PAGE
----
Understanding the mechanism of SARS-CoV-2 replication has become extremely vital so as to obtain possible antiviral strategies to suppress the intensity of the deadly pandemic.
Coronaviruses are of four types: alpha-, beta-, gamma- and delta-coronavirus. Betacoronaviruses are responsible for Severe Acute Respiratory Syndrome(SARS), and Middle-east Respiratory Syndrome (MERS) outbreaks during the early 2000s as well as the COVID-19 pandemic. These viruses can cause severe pneumonia and bring about lethal complications in humans. Being zoonotic in nature, coronaviruses infect animals from which they spread to humans. The exact zoonotic pathway for SARS-CoV-2 is unknown even though it is established to have originated from bats. The infective ability of these zoonotic viruses depends on how they enter into the host cell via surface ACE-2 (angiotensin-converting enzyme-2) receptors, evade the immune response and use the host machinery to make more copies of themselves.
An international collaborative study led by Prof. Albrecht Von Brunn of Ludwig Maximillian University, Germany, went on to study what are the strategies employed by the coronavirus to create more arsenal for infection. These findings were published in The EMBO Journal. Key findings include the involvement of a highly conserved SARS-Unique Domain (SUD) on the protein sequence of Non-structural protein-3 (Nsp-3) of the SARS-CoV-2 in forming newer viral particles.
The structure and function of the SUD domain:
The amino acid sequence identity of SARS-CoV and SARS-CoV-2 proteins share 75% similarity. This SUD region is found on the Nsp-3 proteins of both viruses. This domain is found to interact with poly-A binding protein (PABP), PABP interacting protein-1 (Paip-1) and ribosomes, all of which are involved in the translation process (formation of proteins from mRNA).
The SUD domain has three subdomains: the N terminal, the middle part and the C-terminal. It is the N terminal macrodomain that interacts with the host proteins and initiation factors involved in translation initiation. These SUD-like domains were also observed in the coronaviruses that infect bats. The N terminal and middle part of the SUD region bind to guanine and adenine oligomers in the host genome to form a tight complex as well as to other proteins which can degrade the antiviral p53 protein, thus enhancing viral replication.
During normal conditions, Paip-1 protein positively stimulates host translation initiation by enhancing the activity of PABP protein which binds to the poly A tail found on the 3’ end of the mRNA. Paip-1 also interacts with several initiation factors so as to ensure that only intact mRNA gets converted to protein hence stimulating efficient translation.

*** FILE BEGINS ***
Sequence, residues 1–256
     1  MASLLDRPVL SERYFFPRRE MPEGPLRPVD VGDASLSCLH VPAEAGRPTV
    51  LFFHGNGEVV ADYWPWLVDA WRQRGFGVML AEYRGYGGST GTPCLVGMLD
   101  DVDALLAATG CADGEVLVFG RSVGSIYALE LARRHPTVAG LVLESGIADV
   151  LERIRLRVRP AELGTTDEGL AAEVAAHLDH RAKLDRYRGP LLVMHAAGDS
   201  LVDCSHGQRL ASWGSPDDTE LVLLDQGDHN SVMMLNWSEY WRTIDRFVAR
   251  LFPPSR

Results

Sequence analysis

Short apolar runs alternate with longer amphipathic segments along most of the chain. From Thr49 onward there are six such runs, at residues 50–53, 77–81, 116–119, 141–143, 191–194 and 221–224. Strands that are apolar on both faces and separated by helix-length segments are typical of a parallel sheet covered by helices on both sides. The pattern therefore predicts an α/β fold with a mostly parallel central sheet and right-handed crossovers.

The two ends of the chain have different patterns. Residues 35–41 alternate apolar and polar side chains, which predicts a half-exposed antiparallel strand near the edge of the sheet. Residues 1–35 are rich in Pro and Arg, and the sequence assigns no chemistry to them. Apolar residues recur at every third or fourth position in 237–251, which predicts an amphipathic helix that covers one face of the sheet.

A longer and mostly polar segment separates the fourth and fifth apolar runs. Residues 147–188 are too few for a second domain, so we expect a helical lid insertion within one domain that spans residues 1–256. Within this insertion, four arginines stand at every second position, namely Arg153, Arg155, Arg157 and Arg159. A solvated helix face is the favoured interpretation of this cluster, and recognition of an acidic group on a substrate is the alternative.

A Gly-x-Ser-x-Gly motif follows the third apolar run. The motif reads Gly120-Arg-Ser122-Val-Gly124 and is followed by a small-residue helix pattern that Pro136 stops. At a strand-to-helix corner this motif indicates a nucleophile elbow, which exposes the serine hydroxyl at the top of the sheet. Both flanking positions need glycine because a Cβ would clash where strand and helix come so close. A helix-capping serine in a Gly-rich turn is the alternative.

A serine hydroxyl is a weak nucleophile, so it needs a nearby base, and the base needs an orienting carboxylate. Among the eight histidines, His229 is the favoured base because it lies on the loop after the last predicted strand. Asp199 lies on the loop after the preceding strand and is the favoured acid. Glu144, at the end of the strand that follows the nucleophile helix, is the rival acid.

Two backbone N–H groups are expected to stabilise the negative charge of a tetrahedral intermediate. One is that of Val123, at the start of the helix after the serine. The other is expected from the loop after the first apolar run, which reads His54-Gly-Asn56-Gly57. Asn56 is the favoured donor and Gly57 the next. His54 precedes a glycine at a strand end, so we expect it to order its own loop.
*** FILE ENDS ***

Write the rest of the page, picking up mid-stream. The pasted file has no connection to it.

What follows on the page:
The study validated many molecular associations between the SUD domain and host Paip-1 protein via size exclusion chromatography, split-yellow protein fluorescence, and co-immunoprecipitation assays. The N terminal of the SUD domain links to the middle domain of the Paip-1 proteins from the lysine residue on the 389th position to the threonine residue on the 404th position. This interaction can be a possible antiviral target. SUD region and PABP protein do not compete with each other to bind to Paip-1 protein instead they form a ternary complex. SUD also enhances the binding between PABP and Paip-1 (4.4 fold increase). It also associates with the 80S ribosome complex through the 40S ribosomal subunit which helps in holding the viral mRNA in place. Through these mechanisms, SUD increases the rate of viral protein production.
The next puzzle to solve was whether the SUD domain enhances host protein production or viral protein formation. The researchers created a mimetic of an infected SARS-CoV-2 cell. Through luciferase activity assay, it was observed that SUD selectively enhances viral protein translation and halts the host protein formation. Parts of the Nsp-1 region other than the SUD domain also go on to degrade the host mRNA as well as block it from binding to the ribosome thereby preventing any more host proteins to be produced.
The mRNA of the coronavirus forms a closed-loop structure which blocks the host mRNA from binding to the ribosome. The SUD region along with the proteins involved in translation organises into an initiation complex with the ribosome that attracts the initiation factors increasing the rate of translation of the viral proteins. The viral proteins are essential for the assembly of newer virus particles.
RNA viruses always seek to invade the host machinery and utilise them to its benefit. Coronaviruses adopt unique strategies making it challenging to find out ways to suppress their infective activity. “More structural information on virus:host protein complexes in this field is necessary to arrive at a better understanding,” assert the researchers.